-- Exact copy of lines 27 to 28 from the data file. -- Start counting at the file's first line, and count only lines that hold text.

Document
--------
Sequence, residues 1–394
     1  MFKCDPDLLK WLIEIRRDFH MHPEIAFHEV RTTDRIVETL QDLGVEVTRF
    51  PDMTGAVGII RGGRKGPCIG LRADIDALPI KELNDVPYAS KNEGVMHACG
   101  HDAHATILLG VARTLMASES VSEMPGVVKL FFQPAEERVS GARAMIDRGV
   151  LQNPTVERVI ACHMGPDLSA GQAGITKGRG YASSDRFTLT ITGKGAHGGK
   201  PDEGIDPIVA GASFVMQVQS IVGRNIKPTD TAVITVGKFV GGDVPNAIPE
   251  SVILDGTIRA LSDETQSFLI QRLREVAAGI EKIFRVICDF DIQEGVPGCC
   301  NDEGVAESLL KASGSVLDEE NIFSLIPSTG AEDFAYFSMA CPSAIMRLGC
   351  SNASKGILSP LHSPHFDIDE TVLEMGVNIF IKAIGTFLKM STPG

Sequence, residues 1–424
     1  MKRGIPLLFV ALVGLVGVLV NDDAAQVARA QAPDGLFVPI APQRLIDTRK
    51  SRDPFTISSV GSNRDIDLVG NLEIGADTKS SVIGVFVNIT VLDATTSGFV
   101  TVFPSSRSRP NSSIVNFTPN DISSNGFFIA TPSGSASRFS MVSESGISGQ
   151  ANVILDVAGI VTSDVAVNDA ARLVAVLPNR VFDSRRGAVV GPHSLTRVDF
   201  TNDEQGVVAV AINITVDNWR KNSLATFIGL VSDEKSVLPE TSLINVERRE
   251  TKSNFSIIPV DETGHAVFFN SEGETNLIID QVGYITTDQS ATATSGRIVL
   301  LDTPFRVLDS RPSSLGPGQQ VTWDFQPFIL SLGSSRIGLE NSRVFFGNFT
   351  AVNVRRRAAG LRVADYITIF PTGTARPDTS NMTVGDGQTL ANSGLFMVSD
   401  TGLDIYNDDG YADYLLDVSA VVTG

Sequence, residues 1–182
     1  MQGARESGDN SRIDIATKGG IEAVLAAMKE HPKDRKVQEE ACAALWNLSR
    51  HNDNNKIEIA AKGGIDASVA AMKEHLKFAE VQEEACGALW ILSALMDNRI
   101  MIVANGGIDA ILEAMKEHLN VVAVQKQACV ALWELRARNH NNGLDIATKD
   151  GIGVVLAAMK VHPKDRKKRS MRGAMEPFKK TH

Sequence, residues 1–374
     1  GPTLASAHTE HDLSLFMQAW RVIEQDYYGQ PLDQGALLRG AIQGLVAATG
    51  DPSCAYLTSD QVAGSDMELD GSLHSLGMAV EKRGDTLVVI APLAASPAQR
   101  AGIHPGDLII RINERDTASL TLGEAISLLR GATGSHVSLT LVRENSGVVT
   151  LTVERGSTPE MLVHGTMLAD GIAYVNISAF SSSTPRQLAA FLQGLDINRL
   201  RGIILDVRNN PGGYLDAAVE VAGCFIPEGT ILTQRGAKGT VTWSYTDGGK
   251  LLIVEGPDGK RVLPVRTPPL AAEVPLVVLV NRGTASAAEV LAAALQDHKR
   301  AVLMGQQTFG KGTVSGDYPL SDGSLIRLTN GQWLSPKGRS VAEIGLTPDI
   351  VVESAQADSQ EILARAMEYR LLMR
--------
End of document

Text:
    51  DPSCAYLTSD QVAGSDMELD GSLHSLGMAV EKRGDTLVVI APLAASPAQR
   101  AGIHPGDLII RINERDTASL TLGEAISLLR GATGSHVSLT LVRENSGVVT